Millennials Are Tired of New York and Big Cities

Starting around 2008, Millennials flocked to cities for university and early career development. Boston, New York, San Francisco, Los Angeles, and Washington, D.C. became the stomping grounds of these highly educated, ambitious, mimosa sipping, social climbers. Even despite the last decade’s lethargic economic growth, their battle with student debt, and their higher cost of living in cities, these young Americans were defined by their eagerness to make an impact and fast-track their careers.

Culturally, there was a great emphasis placed on New York and Californian cities as well. This was the generation that grew up watching movies and shows like The Devil Wears Prada, The Social Network, Sex and the City, The O.C., House of CardsPortlandia, and Steve Jobs. This was the generation that grew up listening to “Empire State of Mind” by Jay-Z and Alicia Keys, “California Gurls,” by Katy Perry, and other more subtler odes to these two places. NYC, LA, SF, DC, Boston, and Silicon Valley were the sexy, affluent lands of movers and shakers. As such, this ambitious generation flocked there. Even to NYC which was relatively barren the years following 9/11.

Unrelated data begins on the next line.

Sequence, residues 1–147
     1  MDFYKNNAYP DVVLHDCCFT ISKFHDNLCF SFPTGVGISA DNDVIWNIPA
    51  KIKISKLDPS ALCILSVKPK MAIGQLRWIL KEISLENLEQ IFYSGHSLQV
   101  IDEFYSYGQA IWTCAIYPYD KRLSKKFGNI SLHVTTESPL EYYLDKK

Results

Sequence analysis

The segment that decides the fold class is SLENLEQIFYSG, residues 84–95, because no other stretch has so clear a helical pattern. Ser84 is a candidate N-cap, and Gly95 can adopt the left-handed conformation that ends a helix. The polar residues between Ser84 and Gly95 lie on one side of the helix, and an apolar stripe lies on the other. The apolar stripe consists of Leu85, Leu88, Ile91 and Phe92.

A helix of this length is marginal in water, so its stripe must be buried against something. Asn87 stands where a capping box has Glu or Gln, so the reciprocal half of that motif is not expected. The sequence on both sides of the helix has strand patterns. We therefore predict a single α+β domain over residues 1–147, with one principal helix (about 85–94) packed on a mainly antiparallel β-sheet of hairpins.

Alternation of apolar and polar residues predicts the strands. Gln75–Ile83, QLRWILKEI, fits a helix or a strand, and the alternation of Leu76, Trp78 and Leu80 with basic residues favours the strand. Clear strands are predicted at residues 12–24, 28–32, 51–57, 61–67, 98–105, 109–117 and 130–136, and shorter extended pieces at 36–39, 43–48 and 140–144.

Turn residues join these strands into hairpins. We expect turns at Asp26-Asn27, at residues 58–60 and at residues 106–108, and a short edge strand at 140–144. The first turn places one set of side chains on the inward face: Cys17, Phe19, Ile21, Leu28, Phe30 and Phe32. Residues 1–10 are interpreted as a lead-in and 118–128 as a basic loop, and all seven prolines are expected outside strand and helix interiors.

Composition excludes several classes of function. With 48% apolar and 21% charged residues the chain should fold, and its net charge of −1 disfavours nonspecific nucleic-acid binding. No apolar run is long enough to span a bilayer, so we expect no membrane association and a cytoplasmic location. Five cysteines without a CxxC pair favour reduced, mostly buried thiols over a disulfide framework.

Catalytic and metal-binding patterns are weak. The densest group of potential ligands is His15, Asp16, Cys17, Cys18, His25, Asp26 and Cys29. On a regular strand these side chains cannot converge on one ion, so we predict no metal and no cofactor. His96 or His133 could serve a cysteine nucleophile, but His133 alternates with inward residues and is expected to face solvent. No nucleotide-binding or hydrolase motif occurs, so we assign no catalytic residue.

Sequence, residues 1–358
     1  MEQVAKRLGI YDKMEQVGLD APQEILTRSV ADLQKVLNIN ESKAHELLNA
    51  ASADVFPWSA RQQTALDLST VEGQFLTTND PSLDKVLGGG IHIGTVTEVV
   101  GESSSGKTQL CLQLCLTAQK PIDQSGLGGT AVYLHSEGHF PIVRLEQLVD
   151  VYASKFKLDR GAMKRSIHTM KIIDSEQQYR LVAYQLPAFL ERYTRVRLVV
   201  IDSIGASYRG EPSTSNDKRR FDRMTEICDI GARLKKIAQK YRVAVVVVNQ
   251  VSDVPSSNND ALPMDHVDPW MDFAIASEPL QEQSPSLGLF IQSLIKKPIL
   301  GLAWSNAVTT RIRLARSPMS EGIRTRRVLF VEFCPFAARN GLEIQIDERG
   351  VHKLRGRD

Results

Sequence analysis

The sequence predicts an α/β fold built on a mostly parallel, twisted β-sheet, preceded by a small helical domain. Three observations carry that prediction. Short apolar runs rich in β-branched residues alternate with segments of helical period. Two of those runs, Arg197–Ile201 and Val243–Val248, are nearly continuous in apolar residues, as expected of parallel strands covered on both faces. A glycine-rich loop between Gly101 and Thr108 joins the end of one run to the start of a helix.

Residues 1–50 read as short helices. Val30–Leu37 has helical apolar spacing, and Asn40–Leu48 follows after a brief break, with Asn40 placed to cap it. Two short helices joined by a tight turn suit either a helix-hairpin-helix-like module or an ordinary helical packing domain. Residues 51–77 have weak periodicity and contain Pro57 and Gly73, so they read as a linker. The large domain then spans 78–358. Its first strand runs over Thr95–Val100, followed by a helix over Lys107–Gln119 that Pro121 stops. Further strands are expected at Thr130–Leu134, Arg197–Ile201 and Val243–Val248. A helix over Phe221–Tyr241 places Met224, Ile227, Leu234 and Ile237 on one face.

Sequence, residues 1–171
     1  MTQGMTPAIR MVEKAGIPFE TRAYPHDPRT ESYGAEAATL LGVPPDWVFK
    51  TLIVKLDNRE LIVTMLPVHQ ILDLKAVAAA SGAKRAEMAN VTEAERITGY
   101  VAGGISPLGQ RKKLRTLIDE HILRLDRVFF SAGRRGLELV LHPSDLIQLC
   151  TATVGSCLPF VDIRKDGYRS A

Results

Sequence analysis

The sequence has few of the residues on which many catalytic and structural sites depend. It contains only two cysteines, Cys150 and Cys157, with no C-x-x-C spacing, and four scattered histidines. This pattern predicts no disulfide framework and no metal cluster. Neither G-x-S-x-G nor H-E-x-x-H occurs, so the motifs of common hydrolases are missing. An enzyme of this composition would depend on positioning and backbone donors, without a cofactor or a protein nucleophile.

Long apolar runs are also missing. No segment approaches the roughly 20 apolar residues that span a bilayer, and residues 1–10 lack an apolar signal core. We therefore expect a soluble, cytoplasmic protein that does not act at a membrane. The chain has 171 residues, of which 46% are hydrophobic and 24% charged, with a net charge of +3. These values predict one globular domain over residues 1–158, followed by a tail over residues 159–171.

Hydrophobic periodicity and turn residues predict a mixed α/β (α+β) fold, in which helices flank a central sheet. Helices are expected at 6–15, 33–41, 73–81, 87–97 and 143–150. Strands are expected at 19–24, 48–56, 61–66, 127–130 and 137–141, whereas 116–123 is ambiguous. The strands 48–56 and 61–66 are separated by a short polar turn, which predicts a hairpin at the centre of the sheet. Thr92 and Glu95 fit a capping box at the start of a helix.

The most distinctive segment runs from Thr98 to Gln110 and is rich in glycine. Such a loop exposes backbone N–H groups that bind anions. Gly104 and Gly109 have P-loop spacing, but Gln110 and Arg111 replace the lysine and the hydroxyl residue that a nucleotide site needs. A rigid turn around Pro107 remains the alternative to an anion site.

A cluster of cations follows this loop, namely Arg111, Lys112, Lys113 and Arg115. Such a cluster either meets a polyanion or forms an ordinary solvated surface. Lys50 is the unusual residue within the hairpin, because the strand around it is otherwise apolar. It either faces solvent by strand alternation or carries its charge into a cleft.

As detailed by Time Magazine, “[o]f the 50 metro areas analyzed, most urban centers saw an increase in millennials from 2010 to 2015, while 11 cities saw a decline. New York City had the greatest increase in the total number of millennials, with 29,774 added from 2010 to 2015.”

Starting around 2017 this trend began to slow and in some cities reverse. With maturing tastes, sky-rocketing rents, intolerable public transportation, and the spread of vagrant tent cities, these young Americans were becoming increasingly frustrated by their expensive, low quality, dirty lifestyle.

Where Are Millennials Moving?

In late 2019, CNBC reported that: “Data released by the U.S. Census Bureau earlier this week show that some 27,000 millennials between the ages of 25 and 39 left big cities like New York, San Francisco and Houston in 2018 for greener, and less expensive, pastures… Chicago, Las Vegas, Washington, D.C. and Portland, Oregon, are also seeing large numbers of residents leave.”

By the end of 2019, cities with the largest Net Migration spikes of Millennials are: